(18) By Cynoscephalae. See "Ages." ii. 22.

(19) Read, after Courier, {arti} for the vulg. {eti}; or, better still, adopt Hartman's emendation (op. cit. p. 379), {ton men ede katabebekoton ton de katabainonton}, and translate "some—already dismounted, and others dismounting."

(20) Lit. "one of the perioeci."

(21) Reading {Thebaion} after Dind. for {'Athenaion}.

Agesilaus had not failed to note with what regularity the enemy presented himself after the morning meal. Turning the observation to account, he offered sacrifice with day's dawn, and marched with all possible speed, and so crossed within the palisadings, through what might have been a desert, as far as defence or sign of living being went. Once well inside, he proceeded to cut down and set on fire everything up to the city gates. After this exploit he beat a retreat, retiring into Thespiae, where he fortified their citadel for them. Here he left Phoebidas as governor, while he himself crossed the passes back into Megara. Arrived here he disbanded the allies, and led the city troops homewards.

After the departure of Agesilaus, Phoebidas devoted himself to harrying the Thebans by sending out robber bands, and laid waste their land by a system of regular incursions. The Thebans, on their side, desiring to retaliate, marched out with their whole force into the territory of Thespiae. But once well inside the district they found themselves closely beset by Phoebidas and his light troops, who would not give them the slightest chance to scatter from their main body, so that the Thebans, heartily vexed at the turn their foray had taken, beat a retreat quicker than they had come. The muleteers threw away with their own hands the fruits they had captured, in their anxiety to get home as quickly as possible; so dire a dread had fallen upon the invading army. This was the chance for the Spartan to press home his attack boldly, keeping his light division in close attendance on himself, and leaving the heavy infantry under orders to follow him in battle order. He was in hopes even that he might put the enemy to complete rout, so valiantly did he lead the advance, encouraging the light troops to "come to a close grip with the invadors," or summoning the heavy infantry of the Thespiaeans to "bring up their supports." Presently the Theban cavalry as they retired found themselves face to face with an impassable glen or ravine, where in the first instance they collected in a mob, and next wheeled right-about-face in sheer resourcelessness where to cross. The handful of light troops who formed the Spartan vanguard took fright at the Thebans and fled, and the Theban horsemen seeing this put in practice the lesson of attack which the fugitives taught them. As for Phoebidas himself, he and two or three with him fell sword in hand, whereupon his mercenary troops all took to their heels.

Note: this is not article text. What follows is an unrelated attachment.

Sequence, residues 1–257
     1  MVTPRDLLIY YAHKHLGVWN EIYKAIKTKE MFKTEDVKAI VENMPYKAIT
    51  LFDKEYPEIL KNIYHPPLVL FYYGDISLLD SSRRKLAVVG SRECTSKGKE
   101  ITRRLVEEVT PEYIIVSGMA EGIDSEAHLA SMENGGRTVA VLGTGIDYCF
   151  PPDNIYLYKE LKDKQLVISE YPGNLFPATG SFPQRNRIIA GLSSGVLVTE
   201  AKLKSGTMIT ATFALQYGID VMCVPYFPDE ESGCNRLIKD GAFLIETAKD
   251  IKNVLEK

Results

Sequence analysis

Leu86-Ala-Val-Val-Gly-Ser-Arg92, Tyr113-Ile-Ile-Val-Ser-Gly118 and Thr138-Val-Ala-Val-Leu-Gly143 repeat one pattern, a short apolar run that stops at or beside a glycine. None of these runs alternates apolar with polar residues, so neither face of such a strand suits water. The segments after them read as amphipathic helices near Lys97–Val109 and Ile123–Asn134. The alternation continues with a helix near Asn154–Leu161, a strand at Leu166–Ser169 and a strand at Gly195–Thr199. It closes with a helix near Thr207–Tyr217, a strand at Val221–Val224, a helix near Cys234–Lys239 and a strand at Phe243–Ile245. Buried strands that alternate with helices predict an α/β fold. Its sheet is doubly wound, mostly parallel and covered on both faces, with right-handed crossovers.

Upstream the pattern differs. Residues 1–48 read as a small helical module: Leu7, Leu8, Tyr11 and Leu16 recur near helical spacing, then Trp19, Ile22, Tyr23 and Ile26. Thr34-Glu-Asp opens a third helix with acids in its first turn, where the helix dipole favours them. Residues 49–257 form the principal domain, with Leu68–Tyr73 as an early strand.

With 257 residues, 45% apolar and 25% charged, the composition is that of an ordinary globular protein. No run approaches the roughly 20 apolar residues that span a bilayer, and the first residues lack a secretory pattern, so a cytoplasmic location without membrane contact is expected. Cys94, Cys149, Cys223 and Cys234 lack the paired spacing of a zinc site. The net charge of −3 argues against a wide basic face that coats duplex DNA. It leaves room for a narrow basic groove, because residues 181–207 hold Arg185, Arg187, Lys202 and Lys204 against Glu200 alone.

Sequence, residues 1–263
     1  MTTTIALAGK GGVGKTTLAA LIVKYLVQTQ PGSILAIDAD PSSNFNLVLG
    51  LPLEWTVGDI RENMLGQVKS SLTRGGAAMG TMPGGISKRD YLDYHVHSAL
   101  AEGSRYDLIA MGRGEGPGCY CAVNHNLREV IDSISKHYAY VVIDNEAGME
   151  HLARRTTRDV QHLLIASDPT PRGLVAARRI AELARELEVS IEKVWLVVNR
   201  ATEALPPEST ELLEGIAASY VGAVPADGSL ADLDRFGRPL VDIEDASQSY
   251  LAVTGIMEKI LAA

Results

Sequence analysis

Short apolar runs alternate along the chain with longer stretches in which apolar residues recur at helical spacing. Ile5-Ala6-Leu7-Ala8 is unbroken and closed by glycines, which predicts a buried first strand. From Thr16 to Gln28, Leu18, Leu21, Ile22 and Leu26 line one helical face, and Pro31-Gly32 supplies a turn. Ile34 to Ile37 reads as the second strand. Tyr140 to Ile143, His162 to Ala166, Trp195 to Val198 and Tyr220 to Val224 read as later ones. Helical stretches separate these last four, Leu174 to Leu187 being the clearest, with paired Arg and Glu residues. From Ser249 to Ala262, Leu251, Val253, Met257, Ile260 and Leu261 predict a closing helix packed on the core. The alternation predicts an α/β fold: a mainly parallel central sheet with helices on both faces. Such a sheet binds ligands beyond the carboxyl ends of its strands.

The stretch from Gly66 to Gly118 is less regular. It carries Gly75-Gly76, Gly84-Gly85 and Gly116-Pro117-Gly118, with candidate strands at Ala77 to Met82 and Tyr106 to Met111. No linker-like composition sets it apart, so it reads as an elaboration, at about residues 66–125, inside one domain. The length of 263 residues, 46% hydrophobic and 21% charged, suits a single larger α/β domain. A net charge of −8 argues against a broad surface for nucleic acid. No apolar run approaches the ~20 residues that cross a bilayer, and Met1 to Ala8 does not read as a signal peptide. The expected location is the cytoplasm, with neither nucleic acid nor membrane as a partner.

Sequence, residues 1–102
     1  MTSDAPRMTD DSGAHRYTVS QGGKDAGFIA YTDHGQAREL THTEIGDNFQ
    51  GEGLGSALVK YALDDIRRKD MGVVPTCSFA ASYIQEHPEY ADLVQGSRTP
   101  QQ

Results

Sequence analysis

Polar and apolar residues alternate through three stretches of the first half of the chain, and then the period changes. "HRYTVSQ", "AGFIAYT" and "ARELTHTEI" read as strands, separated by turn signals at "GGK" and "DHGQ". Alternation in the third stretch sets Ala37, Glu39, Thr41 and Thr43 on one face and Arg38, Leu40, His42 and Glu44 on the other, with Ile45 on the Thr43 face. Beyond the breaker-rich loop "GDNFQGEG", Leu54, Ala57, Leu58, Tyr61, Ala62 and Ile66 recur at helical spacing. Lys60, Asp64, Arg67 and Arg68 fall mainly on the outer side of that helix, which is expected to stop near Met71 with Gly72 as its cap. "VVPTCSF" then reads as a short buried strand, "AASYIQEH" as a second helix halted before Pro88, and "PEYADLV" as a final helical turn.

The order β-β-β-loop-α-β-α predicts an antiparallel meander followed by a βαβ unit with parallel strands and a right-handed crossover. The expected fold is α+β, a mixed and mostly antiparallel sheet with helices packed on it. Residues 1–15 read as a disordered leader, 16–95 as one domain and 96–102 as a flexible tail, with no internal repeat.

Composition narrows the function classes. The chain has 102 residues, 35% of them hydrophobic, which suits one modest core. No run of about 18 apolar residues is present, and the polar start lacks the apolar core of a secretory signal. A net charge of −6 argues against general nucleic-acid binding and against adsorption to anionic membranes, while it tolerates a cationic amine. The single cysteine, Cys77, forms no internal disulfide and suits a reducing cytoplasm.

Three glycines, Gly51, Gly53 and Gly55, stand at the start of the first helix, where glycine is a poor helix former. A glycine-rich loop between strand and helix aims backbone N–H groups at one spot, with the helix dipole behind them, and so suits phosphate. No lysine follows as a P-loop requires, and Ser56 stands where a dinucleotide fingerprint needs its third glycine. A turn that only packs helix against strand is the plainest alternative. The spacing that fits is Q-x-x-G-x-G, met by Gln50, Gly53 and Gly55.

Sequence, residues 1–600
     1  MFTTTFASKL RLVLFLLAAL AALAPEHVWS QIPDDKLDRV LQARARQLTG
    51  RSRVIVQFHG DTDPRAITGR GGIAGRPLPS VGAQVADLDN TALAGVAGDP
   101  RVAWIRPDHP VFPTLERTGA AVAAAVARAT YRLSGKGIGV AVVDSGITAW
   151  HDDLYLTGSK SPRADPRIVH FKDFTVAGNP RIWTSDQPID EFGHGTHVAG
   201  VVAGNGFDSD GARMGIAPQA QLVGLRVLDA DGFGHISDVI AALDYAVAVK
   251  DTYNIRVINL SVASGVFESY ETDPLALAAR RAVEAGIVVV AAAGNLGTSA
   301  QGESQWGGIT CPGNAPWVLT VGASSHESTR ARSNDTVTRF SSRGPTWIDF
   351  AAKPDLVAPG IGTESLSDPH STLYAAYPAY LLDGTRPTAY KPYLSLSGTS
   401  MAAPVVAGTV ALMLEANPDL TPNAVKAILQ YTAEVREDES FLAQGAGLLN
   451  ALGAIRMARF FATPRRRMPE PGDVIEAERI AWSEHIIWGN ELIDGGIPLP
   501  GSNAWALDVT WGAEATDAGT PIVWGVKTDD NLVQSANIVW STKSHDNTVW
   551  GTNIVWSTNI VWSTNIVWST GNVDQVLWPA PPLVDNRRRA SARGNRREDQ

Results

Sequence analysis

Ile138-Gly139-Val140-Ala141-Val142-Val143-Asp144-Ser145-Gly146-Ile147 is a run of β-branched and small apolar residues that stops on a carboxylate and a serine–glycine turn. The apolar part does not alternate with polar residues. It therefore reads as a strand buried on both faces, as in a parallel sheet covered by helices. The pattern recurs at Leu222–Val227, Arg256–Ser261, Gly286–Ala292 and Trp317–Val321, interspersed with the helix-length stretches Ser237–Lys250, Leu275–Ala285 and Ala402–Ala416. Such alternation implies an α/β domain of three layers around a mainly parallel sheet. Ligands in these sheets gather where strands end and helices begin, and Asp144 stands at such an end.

When the stream of fugitives reached the Thespiaean heavy infantry reserves, they too, in spite of much boasting beforehand that they would never yield to Thebans, took to flight, though there was now absolutely no pursuit whatever, for it was now late. The number slain was not large, but, for all that, the men of Thespiae did not come to a standstill until they found themselves safe inside their walls. As a sequel, the hopes and spirits of the Thebans were again kindled into new life, and they made campaigns against Thespiae and the other provincial cities of Boeotia. (22) It must be admitted that in each case the democratical party retired from these cities to Thebes; since absolute governments had been established in all of them on the pattern previously adopted at Thebes; and the result was that the friends of Lacedaemon in these cities also needed her assistance. (23) After the death of Phoebidas the Lacedaemonians despatched a polemarch with a division by sea to form the garrison of Thespiae.

(22) Lit. "their other perioecid cities." For the significance of this title as applied by the Thebans (and perhaps commonly) to the other cities of Boeotia, see Freeman, op. cit. ch. iv. pp. 157, 173 foll.

(23) See Grote, "H. G." x. 174; Freeman, op. cit. iv. 171, 172.